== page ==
by Bill Batson
On 9/11 I think of my friend John Perry. He was a NYC beat cop who was also active in the ACLU. Yes, he was a rare bird. After finishing law school and passing the bar, he had accepted a position at a law firm and on September 11, 2001, he went to One Police Plaza to hand in his badge and shield and start his life as a constitutional lawyer.
I waved goodbye to him as he descended the stairs at the 72nd street IRT. We were working on a political campaign together and had been up since 5a hanging signs. As I turned to walk back to the office, I thought to myself, as many did, what a beautiful morning and what an auspicious day to end one career and start another.
I was the campaign manager for Norman Siegel, who was running for the office of New York City Public Advocate. John was our star volunteer. Our campaign headquarters was in a store front next to a hardware store on 72nd between Broadway and Columbus Avenue.
As the second the plane hit you could hear the cell phones of people walking down the street ringing as news of what happened traveled by word of mouth. Then a crowd formed in front of the hardware store next to us as people watched the smoke billowing skyward from the South Tower on the TV sets in their display window. Others walked to the corner of Broadway to see the smoke rise with their own eyes. I knew right away that John would be racing to the Twin Towers.
According to eyewitnesses, John saw the first plane hit while he was leaving One Police Plaza. He was seen buying an NYPD tee-shirt from a vendor. He needed the shirt because he had just given up his badge, but that didn’t stop him from being a cop and doing his job on the day he was needed most. Later, he was seen racing into the towers. He was never seen alive again.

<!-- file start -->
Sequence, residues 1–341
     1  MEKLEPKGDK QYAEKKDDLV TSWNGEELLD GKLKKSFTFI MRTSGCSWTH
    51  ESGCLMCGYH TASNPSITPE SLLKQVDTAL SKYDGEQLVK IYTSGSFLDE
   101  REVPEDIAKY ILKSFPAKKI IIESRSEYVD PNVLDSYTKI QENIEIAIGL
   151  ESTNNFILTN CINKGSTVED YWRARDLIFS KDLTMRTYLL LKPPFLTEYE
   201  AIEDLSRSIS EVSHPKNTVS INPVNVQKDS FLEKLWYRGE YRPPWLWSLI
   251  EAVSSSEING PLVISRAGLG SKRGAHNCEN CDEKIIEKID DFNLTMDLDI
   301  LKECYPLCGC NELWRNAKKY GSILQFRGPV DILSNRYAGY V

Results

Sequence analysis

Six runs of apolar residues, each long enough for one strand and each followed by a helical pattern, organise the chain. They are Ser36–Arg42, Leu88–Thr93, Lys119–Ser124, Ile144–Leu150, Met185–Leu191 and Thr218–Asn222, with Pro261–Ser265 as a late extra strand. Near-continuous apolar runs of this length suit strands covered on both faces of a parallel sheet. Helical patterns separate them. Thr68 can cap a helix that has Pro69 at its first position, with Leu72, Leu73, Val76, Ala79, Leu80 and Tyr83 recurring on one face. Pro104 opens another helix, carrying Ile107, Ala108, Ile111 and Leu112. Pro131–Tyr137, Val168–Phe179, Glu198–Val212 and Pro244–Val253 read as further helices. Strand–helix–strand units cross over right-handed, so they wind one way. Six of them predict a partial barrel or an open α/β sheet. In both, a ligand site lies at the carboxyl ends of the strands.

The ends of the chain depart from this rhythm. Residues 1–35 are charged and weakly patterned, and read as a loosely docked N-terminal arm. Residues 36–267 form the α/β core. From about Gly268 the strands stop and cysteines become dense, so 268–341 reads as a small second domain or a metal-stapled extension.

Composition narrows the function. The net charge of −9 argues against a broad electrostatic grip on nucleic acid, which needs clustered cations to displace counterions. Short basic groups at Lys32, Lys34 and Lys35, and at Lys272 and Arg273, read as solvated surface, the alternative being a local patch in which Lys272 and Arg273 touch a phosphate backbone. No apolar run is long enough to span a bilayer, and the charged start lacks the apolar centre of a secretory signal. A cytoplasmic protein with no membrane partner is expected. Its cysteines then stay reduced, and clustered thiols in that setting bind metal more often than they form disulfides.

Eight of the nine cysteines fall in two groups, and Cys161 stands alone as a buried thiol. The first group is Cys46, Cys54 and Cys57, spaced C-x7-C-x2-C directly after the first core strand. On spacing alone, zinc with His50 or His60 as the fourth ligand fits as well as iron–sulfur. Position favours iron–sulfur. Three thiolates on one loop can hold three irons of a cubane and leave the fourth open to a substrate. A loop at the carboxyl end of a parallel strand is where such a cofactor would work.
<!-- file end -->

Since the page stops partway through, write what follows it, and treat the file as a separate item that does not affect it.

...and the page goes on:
His mother started calling the campaign office around 9:30a. I think I still have several of the phone message slips that campaign volunteers used to record her pleas. She wanted to know if we had seen her son. When I told her what I knew and that I had seen him heading downtown before the attack, she fell silent. We both knew the truth.
About an hour after the first tower collapsed, a steady stream of men and women, all shaded gray from pulverized concrete, with tears cutting a path through their dust covered faces, marched past our store front. They walked aimlessly, like war refugees. Some people who lived to the south, in Brooklyn, marched north, driven by fear and confusion.
The campaign was cancelled. We comforted each other and some of the wandering masses. News of the Pentagon attack left me feeling as though more passenger plane missiles were heading our way. Yet the enormity of it all left us numb, not nervous.
We couldn’t send anyone home because the bridges and tunnels were closed, so we sheltered in place. Under a sky so beautiful it mocked us, we thought about the man who had walked away that morning and would never come back; a man who was at the end, what he always was: the best of us. On 9/11 I think of John Perry and I am sorry that you will never know him.